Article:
Mayor Sheila Dixon joined Olivia Farrow, interim commissioner of the Baltimore City Health Department; Chet Burrell, president and CEO of CareFirst BlueCross BlueShield; and Rafael Lopez, executive director of the Family League, to announce a city-wide strategy to improve birth outcomes.
CareFirst has committed $3 million over three years to fund the program. This is the organization’s largest contribution ever for a community-based program.
“By bringing together community partners throughout the state, this birth outcomes plan is a critical first step toward addressing infant mortality in Baltimore City,” said Mayor Dixon. “I commend CareFirst for making such an extraordinary commitment to the citizens of Baltimore.”
In 2007, 112 babies from Baltimore City died before their first birthday. Of these, 106 were born to African-American mothers. The rate of infant death in Baltimore was 11.3 per 1,000 live births in 2007, the second highest of Maryland jurisdictions, and higher than the rates of some developing countries. The city’s rate of infant mortality among African-Americans was 15.5 per 1,000 live births, reflecting deep health disparities. The cost of poor birth outcomes can be measured in medical expenses, lost productivity and social injustice.
“A major interest of ours for this program is to help eliminate the social and economic disparities that hinder a mother’s access to quality care,” said Burrell. “This partnership will help create sustainable health improvements for mothers and their infants, within their own communities, beginning before birth and hopefully stretching into longer, healthier lifetimes.”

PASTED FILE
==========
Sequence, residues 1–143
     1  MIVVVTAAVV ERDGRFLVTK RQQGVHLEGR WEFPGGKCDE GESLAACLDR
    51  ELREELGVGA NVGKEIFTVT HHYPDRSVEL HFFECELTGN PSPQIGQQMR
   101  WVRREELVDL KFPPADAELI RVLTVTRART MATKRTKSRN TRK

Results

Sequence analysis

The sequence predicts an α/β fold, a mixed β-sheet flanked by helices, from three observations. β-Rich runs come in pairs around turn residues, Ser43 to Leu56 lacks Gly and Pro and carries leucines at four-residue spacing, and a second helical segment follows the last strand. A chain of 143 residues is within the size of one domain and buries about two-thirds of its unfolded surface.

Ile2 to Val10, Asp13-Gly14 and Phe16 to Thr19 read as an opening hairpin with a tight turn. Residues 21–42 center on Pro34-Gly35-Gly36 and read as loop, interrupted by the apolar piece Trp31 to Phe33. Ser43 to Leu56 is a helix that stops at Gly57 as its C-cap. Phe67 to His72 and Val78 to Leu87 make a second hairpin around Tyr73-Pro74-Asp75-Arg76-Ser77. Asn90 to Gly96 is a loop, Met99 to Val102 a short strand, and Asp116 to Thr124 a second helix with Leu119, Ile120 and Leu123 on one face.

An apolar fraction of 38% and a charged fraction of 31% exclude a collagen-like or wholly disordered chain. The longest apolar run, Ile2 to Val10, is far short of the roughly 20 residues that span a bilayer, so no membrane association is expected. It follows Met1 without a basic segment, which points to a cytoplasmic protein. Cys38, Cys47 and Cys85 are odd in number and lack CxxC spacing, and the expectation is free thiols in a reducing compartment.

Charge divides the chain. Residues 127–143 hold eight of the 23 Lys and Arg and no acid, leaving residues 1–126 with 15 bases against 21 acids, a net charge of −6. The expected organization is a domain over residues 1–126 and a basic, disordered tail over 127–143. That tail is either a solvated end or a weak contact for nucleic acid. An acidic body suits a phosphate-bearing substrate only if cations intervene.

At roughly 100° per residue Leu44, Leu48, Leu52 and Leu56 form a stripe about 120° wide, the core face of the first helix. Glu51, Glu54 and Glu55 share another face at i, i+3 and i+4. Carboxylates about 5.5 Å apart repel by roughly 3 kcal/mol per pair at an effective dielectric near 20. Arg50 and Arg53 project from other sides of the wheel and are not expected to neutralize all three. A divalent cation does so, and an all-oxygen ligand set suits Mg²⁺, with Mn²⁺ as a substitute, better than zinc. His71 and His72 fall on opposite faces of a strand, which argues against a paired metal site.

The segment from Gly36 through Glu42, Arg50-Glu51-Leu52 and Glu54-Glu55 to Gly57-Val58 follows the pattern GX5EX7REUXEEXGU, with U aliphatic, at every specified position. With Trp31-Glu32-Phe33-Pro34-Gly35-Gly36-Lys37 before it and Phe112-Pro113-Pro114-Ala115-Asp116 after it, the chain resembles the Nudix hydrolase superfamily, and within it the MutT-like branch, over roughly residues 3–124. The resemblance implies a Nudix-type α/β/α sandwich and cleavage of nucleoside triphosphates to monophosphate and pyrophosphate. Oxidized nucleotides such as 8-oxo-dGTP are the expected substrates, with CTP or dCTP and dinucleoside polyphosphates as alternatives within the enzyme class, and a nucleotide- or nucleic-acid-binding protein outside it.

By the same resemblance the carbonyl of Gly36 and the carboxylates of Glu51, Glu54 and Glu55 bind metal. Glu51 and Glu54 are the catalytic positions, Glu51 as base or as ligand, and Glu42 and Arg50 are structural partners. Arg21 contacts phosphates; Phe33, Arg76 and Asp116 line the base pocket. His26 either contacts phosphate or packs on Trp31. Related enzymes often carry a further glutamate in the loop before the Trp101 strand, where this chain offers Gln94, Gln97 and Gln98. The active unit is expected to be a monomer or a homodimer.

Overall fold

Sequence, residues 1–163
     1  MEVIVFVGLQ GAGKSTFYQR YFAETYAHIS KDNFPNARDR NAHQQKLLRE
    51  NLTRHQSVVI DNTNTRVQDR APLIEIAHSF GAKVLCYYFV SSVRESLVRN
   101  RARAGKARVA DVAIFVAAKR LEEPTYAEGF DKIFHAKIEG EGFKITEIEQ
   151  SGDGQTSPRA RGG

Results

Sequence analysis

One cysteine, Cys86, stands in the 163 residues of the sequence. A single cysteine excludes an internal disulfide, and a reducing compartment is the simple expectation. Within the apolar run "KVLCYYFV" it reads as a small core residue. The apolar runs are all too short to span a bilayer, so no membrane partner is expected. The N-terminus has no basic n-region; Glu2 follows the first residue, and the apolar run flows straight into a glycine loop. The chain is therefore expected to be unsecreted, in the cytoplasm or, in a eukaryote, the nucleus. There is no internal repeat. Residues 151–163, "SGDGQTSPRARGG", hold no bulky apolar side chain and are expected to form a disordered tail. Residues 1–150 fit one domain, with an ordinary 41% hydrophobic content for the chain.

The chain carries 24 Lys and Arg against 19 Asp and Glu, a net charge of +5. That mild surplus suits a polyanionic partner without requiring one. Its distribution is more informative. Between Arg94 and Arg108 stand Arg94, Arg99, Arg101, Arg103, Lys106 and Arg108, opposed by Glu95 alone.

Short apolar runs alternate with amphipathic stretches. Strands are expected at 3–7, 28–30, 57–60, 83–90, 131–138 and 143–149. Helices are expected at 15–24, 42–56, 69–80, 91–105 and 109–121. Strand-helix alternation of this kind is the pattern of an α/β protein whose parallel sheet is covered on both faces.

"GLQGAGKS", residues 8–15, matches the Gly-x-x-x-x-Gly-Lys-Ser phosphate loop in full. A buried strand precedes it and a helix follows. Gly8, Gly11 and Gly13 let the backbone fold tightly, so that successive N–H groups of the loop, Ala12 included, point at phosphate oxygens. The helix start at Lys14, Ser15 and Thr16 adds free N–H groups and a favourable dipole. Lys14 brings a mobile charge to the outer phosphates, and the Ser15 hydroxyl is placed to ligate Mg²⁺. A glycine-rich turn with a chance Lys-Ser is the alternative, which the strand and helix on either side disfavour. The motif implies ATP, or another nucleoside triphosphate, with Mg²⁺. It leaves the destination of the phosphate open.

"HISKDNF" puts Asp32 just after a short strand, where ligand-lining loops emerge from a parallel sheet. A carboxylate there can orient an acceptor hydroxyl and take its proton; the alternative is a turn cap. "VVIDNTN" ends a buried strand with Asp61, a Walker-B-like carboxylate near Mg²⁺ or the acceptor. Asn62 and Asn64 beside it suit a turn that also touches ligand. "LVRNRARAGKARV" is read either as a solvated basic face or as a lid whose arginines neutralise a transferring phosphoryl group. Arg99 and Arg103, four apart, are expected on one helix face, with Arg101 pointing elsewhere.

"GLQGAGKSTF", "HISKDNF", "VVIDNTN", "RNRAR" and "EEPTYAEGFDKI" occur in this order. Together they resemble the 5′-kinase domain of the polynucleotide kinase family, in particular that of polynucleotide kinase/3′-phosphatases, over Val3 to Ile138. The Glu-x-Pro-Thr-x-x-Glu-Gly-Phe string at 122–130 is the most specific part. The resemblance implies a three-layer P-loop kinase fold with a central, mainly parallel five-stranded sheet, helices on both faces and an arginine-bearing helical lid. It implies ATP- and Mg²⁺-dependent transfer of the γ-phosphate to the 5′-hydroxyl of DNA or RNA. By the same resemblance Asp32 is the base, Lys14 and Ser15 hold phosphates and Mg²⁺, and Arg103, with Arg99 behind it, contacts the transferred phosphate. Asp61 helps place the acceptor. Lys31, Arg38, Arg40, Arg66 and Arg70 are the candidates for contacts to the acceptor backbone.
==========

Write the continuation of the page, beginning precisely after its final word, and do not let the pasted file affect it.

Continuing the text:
The Strategy to Improve Birth Outcomes in Baltimore City starts with the understanding that many factors contribute to the three leading causes of excess infant death in the city: pre-term birth, low birth weight and unsafe sleep. These factors include the health of the mother and father before conception, medical and social support during pregnancy, and access to critical information and services after birth.
The birth outcomes plan targets 12 community statistical areas within Baltimore City, proposing that a community-based program in each of these areas take responsibility for community birth outcomes. Backed by a city-wide media campaign, these programs will generate demand and utilization for each of the high-impact service areas through intensive outreach and education. Simultaneously, local health agencies and the Department of Health and Mental Hygiene will work to expand the scale and capacity of the high impact services and to promote quality improvement in services for city residents.
CareFirst, the region’s largest not-for-profit health insurer, is an active contributor to community efforts for improving health care in Baltimore City. In 2008, CareFirst giving in Maryland reached $20 million.